Recycling demonstrations, a film screening, and Barefoot On the Boulevard mark SMU Earth Week 2018. The celebration takes place April 23-28 with events and activities all over campus.
The City of University Park and Town of Highland Park will be part of the action with a Park Cities Recycling Drive beginning at 10 a.m. Saturday, April 28 in the Commuter Lot. Bring your recycling – including old electronics such as tablets, computers or phones – to the parking lot next to the SMU Catholic Center, across the street from Burleson Park in the 3000 block of University Boulevard.
Earth Week opens with Become Aware – an event designed to demonstrate the contamination that occurs between SMU’s trash and its recycling, and how community members can recycle with confidence. Demos will take place from 10 a.m. to 1 p.m. Monday, April 23 at the West Bridge and the flagpole on the Main Quad.
In Think Green, SMU faculty, staff and students will learn which items can and can’t be recycled. Visit the tables in Starbucks at Fondren Library Center from 10 a.m. to 1 p.m. Tuesday, April 24.
One Earth features a screening of “Chasing Coral” – the award-winning 2017 documentary by Jeff Orlowski that captures the effects of climate change on the deaths and disappearances of coral reefs throughout the world. The movie begins at 6 p.m. Wednesday, April 25 in the Hughes-Trigg Student Center Theater.
The traditional Barefoot On the Boulevard celebration takes place 1-3 p.m. on Thursday, April 26. Relax on the Dallas Hall lawn, enjoy a free lunch, and learn how to tie-dye and build your own trail-mix bars.
Free campus screenings of two popular environmental documentaries April 4-5 and the return of SMU’s Engineering and Humanity Week April 6-12 are highlights of a month of sustainability-themed events that will underscore the celebration of Earth Day 2013 on Monday, April 22.
Living With the Trinity, showing at 7 p.m. Thursday, April 4 in the Hughes-Trigg Student Center Forum, focuses on the political history surrounding management of the Trinity River. The screening will feature an introduction by writer, producer and director Rob Tranchin.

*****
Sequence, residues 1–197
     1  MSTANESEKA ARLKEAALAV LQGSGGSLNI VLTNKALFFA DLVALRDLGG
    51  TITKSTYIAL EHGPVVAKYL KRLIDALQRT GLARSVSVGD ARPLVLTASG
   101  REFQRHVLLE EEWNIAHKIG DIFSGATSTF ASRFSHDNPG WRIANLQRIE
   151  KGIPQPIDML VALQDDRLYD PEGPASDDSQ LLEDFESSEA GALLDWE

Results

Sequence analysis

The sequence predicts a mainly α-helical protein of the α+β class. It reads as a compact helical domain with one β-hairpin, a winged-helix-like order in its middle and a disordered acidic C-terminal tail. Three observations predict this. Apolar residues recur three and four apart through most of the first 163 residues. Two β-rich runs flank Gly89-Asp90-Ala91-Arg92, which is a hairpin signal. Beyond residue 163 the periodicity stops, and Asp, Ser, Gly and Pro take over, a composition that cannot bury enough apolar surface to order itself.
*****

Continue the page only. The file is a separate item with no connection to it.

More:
The “Barefoot on the Boulevard” sustainability and music festival runs from noon to 5 p.m. Saturday, April 6 on the Bishop Boulevard lawn. Also free and open to the public, “Barefoot” will feature a short talk and concert at 4:30 p.m. by former Sudanese child soldier and hip-hop humanitarian Emmanuel Jal, whose appearance is being made possible by the organizers of Engineering & Humanity Week.
Sponsored by Students For a Better Society and the SMU Sustainability Committee, “Barefoot on the Boulevard” will include economically priced food, booths featuring environmental organizations and vendors, and student music acts including the Southern Gentlemen, JSpear, Sean Hadeler, Adam the Bard, ChrisEscarfullery, Sudie and Dan Howard.
Engineering & Humanity Week will bring global solution seekers to Dallas and SMU around the theme of “Water: Ripple Effects.” Among the highlights is a visit from the Plastiki – a unique sailing vessel made of reclaimed plastic drink bottles. Engineering & Humanity Week honors its captain, David de Rothschild, with the 2013 Visionary Award at a dinner and reception in Fair Park’s Centennial Hall on Saturday, April 6.
Emmanuel Jal will also be honored at the dinner with the E&H Week Humanitarian Award and will perform his international hit, “We Want Peace,” accompanied by student musicians from SMU’s Meadows School of the Arts. The 6 p.m. dinner is open to the public, and tickets may be purchased at eandhweek2013.eventbrite.com.
Most of the program is scheduled for the SMU campus and is free and open to the public – such as the outdoor, interactive water distribution camp that mimics sites in refugee camps. “The Water Tap” (pictured below) on April 9-10 will allow both the SMU community and visitors to learn about and try solutions for problems of water scarcity and sanitation in the developing world. E&H Week is sponsored by Hunter and Stephanie Hunt, SMU’s Hunt Institute for Engineering and Humanity and the University of Oxford’s Refugee Studies Center.